Referendum would give city more spending latitude

Council approves charter amendment to raise thresholds

August 09, 2010|By Julie Scharper, The Baltimore Sun

Baltimore voters will decide in November whether to allow city officials to make more purchases without a public announcement.

Under the charter amendment, which was approved by a 9-6 vote of the City Council on Monday evening, expenses less than $25,000 would no longer require approval from the Board of Estimates. Currently, all expenditures greater than $5,000 require spending board approval.

The measure, which was introduced at the request of Mayor Stephanie Rawlings-Blake, would also change the threshold at which city contracts would have to be advertised. The amount would be determined by the council at a later date. That would mean the city could award some contracts without initiating a competitive bid process.

Councilman James B. Kraft, who voted in support of the measure, said that the city's procurement process has not been updated since the mid-1980s.

"These outdated thresholds drive up the cost to the city," said Kraft.

The higher levels were recommended in 2008 by the Baltimore Efficiency and Economy Foundation, which found that finance officials spent a great deal of time advertising contracts and analyzing bids for relatively small amounts of money.

The foundation, which prepared its report in conjunction with the Johns Hopkins Institute for Policy Studies, also found that Baltimore's thresholds for public announcement were lower than those of surrounding jurisdictions and cities in other states.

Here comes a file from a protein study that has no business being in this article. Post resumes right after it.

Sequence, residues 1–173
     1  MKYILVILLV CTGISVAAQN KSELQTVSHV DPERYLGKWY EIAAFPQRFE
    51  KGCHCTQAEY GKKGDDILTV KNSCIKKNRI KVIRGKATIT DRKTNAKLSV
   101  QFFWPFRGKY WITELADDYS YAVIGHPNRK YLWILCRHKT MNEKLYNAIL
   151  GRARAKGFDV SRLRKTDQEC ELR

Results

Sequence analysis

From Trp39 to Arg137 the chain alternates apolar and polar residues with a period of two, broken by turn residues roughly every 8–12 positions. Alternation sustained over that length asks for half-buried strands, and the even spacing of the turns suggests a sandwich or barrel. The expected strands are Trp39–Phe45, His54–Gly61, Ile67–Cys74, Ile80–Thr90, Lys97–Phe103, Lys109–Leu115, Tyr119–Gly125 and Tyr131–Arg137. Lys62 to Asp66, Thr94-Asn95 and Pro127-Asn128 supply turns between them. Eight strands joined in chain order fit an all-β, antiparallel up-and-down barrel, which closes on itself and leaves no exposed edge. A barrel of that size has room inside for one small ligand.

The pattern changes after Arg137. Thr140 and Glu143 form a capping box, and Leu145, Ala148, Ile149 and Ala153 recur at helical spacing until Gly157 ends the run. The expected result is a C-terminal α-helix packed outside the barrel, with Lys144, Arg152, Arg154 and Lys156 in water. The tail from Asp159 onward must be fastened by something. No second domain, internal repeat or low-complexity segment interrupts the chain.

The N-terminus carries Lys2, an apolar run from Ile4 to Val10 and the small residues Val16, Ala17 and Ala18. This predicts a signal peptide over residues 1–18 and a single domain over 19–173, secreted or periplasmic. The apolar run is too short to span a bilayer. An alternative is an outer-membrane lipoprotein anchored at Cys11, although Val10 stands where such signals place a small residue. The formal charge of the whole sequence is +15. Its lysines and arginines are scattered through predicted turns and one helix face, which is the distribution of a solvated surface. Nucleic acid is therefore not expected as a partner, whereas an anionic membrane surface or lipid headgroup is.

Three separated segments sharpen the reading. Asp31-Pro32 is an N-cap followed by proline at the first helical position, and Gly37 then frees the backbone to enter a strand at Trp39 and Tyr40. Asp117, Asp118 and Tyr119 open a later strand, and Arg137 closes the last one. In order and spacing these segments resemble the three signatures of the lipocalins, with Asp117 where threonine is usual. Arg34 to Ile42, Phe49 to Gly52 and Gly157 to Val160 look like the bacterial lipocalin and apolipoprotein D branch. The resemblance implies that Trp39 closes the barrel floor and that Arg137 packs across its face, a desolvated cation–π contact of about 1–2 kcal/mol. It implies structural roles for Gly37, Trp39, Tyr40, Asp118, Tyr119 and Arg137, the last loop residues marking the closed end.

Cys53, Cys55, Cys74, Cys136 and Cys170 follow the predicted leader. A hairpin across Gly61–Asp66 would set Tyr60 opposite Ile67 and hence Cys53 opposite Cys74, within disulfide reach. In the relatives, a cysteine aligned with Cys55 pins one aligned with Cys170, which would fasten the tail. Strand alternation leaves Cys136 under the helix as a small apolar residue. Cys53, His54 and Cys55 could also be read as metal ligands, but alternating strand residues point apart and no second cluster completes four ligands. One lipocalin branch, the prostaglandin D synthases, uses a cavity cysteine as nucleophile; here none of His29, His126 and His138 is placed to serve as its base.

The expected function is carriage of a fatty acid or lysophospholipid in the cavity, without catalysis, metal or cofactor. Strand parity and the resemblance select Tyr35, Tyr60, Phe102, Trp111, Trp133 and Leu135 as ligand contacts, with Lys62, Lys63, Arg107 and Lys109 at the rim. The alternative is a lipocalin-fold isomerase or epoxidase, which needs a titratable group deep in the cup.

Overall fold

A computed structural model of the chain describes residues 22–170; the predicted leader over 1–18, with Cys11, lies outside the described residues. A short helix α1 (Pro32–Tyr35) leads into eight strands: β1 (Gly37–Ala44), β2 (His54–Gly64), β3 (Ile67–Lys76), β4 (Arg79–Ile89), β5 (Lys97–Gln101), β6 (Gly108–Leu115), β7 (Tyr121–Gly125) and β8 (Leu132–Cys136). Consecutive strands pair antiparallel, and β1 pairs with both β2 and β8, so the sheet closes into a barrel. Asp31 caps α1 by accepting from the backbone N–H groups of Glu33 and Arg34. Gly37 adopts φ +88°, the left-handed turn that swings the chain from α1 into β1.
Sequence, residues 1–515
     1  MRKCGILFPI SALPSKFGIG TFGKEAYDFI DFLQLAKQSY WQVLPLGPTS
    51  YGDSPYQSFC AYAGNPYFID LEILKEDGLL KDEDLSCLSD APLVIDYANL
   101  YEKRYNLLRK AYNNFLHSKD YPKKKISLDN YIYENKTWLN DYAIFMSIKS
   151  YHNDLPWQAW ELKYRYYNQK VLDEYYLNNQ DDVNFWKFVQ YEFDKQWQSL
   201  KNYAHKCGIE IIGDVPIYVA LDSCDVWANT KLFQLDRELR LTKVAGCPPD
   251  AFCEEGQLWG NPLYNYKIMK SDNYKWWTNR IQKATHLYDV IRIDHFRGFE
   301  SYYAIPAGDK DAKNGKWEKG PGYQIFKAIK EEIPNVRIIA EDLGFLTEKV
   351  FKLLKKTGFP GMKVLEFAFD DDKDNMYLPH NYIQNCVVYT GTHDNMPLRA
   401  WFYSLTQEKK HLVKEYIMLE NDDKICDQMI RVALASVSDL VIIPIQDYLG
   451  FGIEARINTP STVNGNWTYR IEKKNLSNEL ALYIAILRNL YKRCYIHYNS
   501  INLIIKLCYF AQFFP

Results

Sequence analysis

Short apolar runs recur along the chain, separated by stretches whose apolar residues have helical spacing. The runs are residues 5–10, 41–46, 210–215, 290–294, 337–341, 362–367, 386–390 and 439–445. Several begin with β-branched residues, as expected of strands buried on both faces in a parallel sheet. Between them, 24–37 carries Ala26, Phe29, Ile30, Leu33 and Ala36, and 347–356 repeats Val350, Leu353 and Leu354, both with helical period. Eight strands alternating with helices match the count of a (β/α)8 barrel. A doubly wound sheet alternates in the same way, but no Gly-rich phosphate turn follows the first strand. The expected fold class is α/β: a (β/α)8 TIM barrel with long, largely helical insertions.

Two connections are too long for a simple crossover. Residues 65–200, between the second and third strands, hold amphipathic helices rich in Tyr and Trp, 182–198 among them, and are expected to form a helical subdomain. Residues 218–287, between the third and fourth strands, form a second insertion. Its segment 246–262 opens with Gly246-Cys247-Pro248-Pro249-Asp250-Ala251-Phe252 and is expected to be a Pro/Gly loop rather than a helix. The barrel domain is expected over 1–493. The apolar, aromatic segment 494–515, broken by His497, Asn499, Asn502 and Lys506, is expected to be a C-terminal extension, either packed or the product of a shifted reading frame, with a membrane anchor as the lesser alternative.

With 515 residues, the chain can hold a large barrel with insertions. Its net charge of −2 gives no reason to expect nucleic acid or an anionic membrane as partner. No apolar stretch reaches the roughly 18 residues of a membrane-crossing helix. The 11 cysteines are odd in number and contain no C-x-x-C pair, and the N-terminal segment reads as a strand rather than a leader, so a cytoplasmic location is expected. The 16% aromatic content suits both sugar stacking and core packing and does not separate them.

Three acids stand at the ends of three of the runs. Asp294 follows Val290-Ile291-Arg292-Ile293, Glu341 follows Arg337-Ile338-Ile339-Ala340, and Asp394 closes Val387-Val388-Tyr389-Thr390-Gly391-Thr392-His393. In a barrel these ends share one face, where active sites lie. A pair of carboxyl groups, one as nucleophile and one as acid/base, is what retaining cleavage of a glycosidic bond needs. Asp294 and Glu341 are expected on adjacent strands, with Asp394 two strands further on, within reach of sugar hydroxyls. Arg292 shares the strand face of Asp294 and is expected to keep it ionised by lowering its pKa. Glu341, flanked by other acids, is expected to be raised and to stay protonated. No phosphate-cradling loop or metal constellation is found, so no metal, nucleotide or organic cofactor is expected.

Councilwoman Mary Pat Clarke, one of six members — including Council President Bernard C. "Jack" Young — who voted against the bill, said expenses between $5,000 to $25,000 did not amount to "needles and pins," but a significant portion of the city's expenditures.

All expenditures pending the spending board's approval are published in a public document. Dozens of expenses less than $25,000 — ranging from mowing contracts to flu vaccines — appear in the agenda each week.

Clarke also criticized the bill for not specifying a new level at which contracts would be required to be announced.

"I could have lived with higher numbers, but not without any numbers at all," said Clarke.

The measures will appear as a referendum on the Novermber ballot.

Also Monday night, the council unanimously backed minor changes to a controversial overhaul of the police and fire pension system that was approved in June.

The revisions will allow an additional 400 public safety workers to be grandfathered under the previous pension standards, said Councilwoman Helen L. Holton.

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